When the Ward is Your Mooring: The Human and Economic Costs of Long-Term Acute Care for Undocumented Immigrants in the U.S. – Nora Kenworthy
A recent New York Times article by John Leland recounted the lengthy medical history of Raymond Fok, an uninsured and undocumented immigrant who ended up marooned at New York City’s Downtown Hospital for 19 months after surviving a stroke. Although suffering from chronic health problems, including kidney failure, and initially in need of acute care, Mr. Fok remained in the hospital long after his initial emergency because he had no other place to go.
Without insurance or public benefits, numerous immigrants in the U.S. find similar fates in public hospitals, learning that without chronic or community-based services to assist them in recovery, they cannot be discharged. Rather than qualifying for a home health aide, or getting transferred to a nursing home, Mr. Fok’s status left him in the expensive care of an already cash-strapped public hospital. As Leland writes: “Mr. Fok’s immigration status never kept him from receiving treatment, but it helped make sure that his care would be delivered in the most expensive setting possible and in a place no one wants to spend more time than necessary.”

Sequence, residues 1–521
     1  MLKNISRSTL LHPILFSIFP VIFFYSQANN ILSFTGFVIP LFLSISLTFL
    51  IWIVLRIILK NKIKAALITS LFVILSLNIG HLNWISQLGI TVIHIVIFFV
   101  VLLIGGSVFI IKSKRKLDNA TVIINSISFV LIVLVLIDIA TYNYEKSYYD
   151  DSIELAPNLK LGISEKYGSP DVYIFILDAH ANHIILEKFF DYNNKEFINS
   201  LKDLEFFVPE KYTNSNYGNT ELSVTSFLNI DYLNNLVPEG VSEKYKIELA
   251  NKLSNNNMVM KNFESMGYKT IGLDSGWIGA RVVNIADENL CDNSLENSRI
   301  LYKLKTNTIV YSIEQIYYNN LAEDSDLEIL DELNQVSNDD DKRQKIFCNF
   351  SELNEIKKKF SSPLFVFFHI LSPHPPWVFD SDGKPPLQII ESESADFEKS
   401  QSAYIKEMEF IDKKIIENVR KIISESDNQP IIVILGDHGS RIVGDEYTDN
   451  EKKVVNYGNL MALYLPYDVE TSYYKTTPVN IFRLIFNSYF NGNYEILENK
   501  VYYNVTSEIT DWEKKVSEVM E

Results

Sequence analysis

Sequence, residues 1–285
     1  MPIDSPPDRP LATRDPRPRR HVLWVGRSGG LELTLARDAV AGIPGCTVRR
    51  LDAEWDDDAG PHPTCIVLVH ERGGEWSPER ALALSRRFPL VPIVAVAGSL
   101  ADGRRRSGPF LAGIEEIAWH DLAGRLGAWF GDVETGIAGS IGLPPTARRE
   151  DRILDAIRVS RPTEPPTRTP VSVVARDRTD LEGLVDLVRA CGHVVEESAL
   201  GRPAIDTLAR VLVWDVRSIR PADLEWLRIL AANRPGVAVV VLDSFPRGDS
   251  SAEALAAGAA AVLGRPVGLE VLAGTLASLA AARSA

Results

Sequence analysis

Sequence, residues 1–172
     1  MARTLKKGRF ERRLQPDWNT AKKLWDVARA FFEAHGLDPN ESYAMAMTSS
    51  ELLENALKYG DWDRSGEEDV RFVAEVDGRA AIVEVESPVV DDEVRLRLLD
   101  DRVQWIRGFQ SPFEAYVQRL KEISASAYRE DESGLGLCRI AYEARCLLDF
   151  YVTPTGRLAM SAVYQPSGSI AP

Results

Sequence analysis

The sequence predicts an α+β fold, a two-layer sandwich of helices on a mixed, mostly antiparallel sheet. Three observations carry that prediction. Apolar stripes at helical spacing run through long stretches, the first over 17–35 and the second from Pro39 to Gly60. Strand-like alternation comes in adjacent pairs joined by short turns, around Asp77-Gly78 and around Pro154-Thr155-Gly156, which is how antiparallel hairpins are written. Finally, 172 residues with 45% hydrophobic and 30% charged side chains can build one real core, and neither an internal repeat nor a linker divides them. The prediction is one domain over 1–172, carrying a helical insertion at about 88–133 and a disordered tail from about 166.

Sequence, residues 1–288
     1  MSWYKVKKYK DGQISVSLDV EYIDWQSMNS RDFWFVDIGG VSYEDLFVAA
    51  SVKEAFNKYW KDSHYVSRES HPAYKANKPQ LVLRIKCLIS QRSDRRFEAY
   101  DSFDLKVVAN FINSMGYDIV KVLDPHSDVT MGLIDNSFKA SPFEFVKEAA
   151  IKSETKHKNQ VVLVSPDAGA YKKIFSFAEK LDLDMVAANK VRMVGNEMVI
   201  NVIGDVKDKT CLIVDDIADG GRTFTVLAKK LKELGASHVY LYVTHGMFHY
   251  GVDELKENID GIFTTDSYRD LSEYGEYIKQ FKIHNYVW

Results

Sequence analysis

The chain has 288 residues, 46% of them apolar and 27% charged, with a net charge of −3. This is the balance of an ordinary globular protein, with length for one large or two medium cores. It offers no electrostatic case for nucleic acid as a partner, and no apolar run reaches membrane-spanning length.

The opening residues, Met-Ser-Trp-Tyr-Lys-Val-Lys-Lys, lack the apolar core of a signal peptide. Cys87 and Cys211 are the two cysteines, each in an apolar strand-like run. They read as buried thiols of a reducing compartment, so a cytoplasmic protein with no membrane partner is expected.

Mr. Fok was a “prisoner” by default, held captive only for lack of other options. Ultimately, he was transferred to the care of his family, who had been difficult to locate (many undocumented patients will not disclose family contacts for fear that the information will be shared with immigration authorities), and were poorly equipped to care for him. He had no benefits or assistance to help him with his long-term recovery. Back at home, with little or no support, he appeared to lose much of the mobility and verbal skills he had rebuilt in the hospital after his stroke.
In my last post, I discussed the research I have conducted with undocumented immigrants residing in psychiatric hospitals who, like Mr. Fok, remain hospitalized for lack of less restrictive and more community-based options. They too are “prisoners” by default, often eager to leave these isolated residences, but lacking other places willing to provide for their care. Particularly for those with mental health problems, long-term hospitalization in a state psychiatric institution can be more damaging than recuperative, and community-based services provide a crucial gateway towards full recovery.
Many patients I have interviewed show sufficient improvement by clinical measures, but transfer to further community-based services is all but impossible without qualifying for additional institutional supports such as Medicaid, supportive housing, and disability pensions. Others cycle through episodes of acute illness but, without a vision or a hope of future discharge, seem unable to claim a foothold in recovery. Some individuals have remained hospitalized for decades even as family members have gained citizenship and carried on with their lives. Hospital staff and administrators often bear witness to the damage caused by long-term institutionalization, yet remain unable to facilitate discharge.